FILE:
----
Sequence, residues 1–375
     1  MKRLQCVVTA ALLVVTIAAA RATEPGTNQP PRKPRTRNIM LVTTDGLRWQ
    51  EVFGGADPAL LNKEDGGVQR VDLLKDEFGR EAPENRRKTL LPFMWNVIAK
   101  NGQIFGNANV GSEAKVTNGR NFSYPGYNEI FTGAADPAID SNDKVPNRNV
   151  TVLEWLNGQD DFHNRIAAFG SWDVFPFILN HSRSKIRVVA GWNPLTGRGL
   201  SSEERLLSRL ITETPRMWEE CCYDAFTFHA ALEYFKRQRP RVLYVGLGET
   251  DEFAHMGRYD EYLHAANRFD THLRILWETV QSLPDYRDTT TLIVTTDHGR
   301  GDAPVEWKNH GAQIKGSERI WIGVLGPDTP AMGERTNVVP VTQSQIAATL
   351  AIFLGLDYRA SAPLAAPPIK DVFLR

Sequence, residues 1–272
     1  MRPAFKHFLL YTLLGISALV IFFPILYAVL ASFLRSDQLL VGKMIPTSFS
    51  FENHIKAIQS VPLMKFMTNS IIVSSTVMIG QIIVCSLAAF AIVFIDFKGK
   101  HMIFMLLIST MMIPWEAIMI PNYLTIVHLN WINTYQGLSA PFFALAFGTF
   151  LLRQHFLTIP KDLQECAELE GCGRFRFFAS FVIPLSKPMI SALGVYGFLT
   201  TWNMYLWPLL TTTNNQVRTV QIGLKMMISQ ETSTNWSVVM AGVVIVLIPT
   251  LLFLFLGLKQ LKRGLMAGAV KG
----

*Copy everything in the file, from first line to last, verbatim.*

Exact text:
Sequence, residues 1–375
     1  MKRLQCVVTA ALLVVTIAAA RATEPGTNQP PRKPRTRNIM LVTTDGLRWQ
    51  EVFGGADPAL LNKEDGGVQR VDLLKDEFGR EAPENRRKTL LPFMWNVIAK
   101  NGQIFGNANV GSEAKVTNGR NFSYPGYNEI FTGAADPAID SNDKVPNRNV
   151  TVLEWLNGQD DFHNRIAAFG SWDVFPFILN HSRSKIRVVA GWNPLTGRGL
   201  SSEERLLSRL ITETPRMWEE CCYDAFTFHA ALEYFKRQRP RVLYVGLGET
   251  DEFAHMGRYD EYLHAANRFD THLRILWETV QSLPDYRDTT TLIVTTDHGR
   301  GDAPVEWKNH GAQIKGSERI WIGVLGPDTP AMGERTNVVP VTQSQIAATL
   351  AIFLGLDYRA SAPLAAPPIK DVFLR

Sequence, residues 1–272
     1  MRPAFKHFLL YTLLGISALV IFFPILYAVL ASFLRSDQLL VGKMIPTSFS
    51  FENHIKAIQS VPLMKFMTNS IIVSSTVMIG QIIVCSLAAF AIVFIDFKGK
   101  HMIFMLLIST MMIPWEAIMI PNYLTIVHLN WINTYQGLSA PFFALAFGTF
   151  LLRQHFLTIP KDLQECAELE GCGRFRFFAS FVIPLSKPMI SALGVYGFLT
   201  TWNMYLWPLL TTTNNQVRTV QIGLKMMISQ ETSTNWSVVM AGVVIVLIPT
   251  LLFLFLGLKQ LKRGLMAGAV KG